Must Love Dogs
What parents need to know
Parents Need to Know
Parents need to know that the movie includes repeated references to dating, body descriptions ("voluptuous"), and sex, including a couple of scenes in bed, and one in a shower (here the protagonist is naked, her back to the camera, alone and upset), as well as some party drinking. A woman ends up on a blind date with her father. There is some mild profanity. As its focus is Internet dating, the film also shows how it involves performing, deceiving, and self-deluding. A middle-aged woman "chats" with and attracts the attentions of a 15-year-old, whom she sends home immediately.
What's the story?
Preschool teacher and divorcee Sarah (Diane Lane) doesn't want to think of herself as desperate, but her family -- widower dad Bill (Christopher Plummer), a bunch of brothers, and a couple of sisters, including Carol (the excellent Elizabeth Perkins) -- press the point. With Carol's prodding, Sarah enters her data into a dating site. Though her first "match" is her father ("This is disturbing on so many levels," she groans), she persists, meeting with a number of bad matches (sad guy, cocky guy, preoccupied guy), until she finds Jake (the way-too-smart-for-formula-comedies John Cusack). Also recently divorced, he loves Doctor Zhivago (because it's about "a love so real it hurts even after you're dead") and crafts wooden skulls (boats) for a living. He's clever, speeds through his dialogue ("You are kind of 'voluptuous,'" he notes, observing a dubious description in her Internet ad, "in a minimalist kind of way"), and worries about how he comes across. He is, in a word, perfect guy.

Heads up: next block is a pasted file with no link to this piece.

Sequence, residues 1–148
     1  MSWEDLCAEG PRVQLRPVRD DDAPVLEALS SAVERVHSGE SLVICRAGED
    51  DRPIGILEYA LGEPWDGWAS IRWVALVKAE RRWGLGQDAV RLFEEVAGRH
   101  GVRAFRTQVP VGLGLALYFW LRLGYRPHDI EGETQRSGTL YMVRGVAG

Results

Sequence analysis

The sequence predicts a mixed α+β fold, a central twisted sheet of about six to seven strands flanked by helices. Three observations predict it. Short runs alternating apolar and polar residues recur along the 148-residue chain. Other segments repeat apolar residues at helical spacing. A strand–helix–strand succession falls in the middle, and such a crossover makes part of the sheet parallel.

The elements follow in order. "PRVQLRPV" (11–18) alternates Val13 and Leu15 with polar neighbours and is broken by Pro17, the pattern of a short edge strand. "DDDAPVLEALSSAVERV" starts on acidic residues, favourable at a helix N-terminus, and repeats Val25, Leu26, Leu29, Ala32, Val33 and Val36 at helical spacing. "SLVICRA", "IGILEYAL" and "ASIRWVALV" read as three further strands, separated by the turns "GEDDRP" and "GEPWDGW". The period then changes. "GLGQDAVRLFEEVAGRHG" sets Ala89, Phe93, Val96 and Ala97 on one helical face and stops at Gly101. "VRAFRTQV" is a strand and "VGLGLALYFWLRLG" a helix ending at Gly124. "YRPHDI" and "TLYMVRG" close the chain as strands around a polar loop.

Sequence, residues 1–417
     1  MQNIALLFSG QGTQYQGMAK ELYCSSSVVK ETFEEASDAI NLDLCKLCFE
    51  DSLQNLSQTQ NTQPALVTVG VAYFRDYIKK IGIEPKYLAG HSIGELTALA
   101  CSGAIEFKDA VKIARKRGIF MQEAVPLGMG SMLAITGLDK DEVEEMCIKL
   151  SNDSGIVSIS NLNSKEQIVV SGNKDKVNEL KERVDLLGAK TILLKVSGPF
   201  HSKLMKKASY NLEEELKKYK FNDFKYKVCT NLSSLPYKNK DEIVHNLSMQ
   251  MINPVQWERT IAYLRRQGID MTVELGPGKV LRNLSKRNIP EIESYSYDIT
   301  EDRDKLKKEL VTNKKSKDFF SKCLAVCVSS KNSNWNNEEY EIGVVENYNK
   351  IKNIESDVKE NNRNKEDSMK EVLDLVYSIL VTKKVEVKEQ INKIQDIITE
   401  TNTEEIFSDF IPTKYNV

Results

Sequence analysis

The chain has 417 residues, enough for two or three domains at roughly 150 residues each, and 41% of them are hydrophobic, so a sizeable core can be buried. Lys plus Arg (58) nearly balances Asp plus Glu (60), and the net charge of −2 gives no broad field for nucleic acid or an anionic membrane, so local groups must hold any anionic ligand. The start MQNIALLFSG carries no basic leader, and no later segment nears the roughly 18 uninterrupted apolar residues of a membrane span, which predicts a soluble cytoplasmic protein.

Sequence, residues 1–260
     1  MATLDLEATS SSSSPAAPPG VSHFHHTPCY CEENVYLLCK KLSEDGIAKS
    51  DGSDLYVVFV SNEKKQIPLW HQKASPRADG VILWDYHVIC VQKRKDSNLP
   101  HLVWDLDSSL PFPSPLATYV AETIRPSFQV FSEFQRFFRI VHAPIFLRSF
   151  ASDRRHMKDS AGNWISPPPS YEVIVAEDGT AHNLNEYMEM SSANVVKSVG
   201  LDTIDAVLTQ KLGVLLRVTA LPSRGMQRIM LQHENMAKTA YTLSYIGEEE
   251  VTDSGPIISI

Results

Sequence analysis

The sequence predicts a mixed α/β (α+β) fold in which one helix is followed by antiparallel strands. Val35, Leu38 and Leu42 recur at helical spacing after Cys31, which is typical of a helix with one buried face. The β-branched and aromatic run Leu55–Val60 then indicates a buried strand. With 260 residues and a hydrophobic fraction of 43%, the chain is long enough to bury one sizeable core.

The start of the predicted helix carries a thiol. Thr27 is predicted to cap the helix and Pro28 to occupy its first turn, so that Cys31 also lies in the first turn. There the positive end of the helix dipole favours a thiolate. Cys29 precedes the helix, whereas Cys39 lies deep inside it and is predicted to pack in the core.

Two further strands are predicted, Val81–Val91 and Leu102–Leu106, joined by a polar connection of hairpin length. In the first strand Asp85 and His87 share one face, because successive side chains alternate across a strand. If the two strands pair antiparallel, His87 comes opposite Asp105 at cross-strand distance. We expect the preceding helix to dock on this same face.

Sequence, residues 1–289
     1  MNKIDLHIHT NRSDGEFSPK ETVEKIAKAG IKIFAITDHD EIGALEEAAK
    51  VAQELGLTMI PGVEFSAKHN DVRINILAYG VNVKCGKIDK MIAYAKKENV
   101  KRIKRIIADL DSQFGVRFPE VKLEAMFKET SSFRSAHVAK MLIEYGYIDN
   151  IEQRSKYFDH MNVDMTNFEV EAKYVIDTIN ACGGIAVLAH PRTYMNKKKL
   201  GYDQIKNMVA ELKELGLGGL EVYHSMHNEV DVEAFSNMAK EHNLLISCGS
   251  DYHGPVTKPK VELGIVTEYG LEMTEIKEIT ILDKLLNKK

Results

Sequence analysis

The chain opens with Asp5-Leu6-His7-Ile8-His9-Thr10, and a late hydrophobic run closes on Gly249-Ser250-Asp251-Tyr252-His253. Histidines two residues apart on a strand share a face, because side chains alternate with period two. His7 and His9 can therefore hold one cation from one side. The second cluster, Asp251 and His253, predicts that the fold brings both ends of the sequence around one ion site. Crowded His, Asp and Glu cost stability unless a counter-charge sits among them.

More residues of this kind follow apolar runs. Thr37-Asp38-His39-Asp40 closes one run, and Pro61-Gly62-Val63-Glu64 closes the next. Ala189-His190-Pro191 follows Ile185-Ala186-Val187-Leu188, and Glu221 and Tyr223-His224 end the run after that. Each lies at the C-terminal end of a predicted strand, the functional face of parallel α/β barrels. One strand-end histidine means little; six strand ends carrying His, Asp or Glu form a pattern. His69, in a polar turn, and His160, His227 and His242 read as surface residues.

Is it any good?
Burdened by a familiar premise (Internet daters are desperate), MUST LOVE DOGS constrains its excellent performers. Sarah wants most to avoid the fate of one of her father's girlfriends, the dazzling Dolly (Stockard Channing). She sees the Internet as a new horizon ("It's part fantasy, part community," she gushes, "And it lets you pay your bills naked"), but thinks again when she meets in person one of "chat" partners, a 15-year-old boy who's developed a serious crush on her.
Perhaps because he's so young, this kid has conviction, though he duly leaves when instructed ("Do your homework," says Dolly has she loads him in a cab). Sarah's route to her relationship is more roundabout, even though Jake is obviously the right choice. Cusack's refreshingly odd physical and verbal rhythms only make you want to see more of him. And why does Jake spend even a minute with the nubile, cheap-joke-in-a miniskirt Sherry (Jordana Spiro)? He's so obviously Sarah's right choice that the rest of the movie looks like wheel-spinning.
Families can talk about...
Families can talk about Sarah's family's meddling in her dating business: they mean well, but the film suggests they are pushy too, such that Sarah worries about being single. How is Sarah distracted by her widower father's dating? How is her choice between Bob and Jake reduced to who seems less "scary" to her? How does the Internet affect the ways people interact, in romance and as families?